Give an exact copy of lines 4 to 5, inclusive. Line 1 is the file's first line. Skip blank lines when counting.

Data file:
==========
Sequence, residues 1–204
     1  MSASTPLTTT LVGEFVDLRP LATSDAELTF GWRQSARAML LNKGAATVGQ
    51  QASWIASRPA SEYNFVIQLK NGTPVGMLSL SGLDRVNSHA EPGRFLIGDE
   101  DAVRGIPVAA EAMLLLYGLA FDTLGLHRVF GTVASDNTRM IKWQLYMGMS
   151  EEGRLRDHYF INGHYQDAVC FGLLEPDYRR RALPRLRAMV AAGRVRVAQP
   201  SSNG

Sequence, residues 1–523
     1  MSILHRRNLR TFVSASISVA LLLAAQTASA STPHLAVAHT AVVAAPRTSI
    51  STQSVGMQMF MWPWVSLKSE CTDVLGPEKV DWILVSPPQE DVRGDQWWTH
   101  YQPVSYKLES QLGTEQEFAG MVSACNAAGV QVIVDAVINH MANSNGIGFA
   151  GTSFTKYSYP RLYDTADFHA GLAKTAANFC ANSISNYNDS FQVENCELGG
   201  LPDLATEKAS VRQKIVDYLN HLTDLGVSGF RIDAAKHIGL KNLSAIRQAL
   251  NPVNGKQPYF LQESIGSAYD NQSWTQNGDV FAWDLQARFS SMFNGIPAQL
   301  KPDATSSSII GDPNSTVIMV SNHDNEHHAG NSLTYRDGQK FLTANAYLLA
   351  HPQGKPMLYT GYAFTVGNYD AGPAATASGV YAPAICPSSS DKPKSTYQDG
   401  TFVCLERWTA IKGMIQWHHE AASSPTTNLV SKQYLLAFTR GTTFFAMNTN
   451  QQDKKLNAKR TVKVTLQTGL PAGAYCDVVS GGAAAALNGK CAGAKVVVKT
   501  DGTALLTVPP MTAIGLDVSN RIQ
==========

   101  DAVRGIPVAA EAMLLLYGLA FDTLGLHRVF GTVASDNTRM IKWQLYMGMS
   151  EEGRLRDHYF INGHYQDAVC FGLLEPDYRR RALPRLRAMV AAGRVRVAQP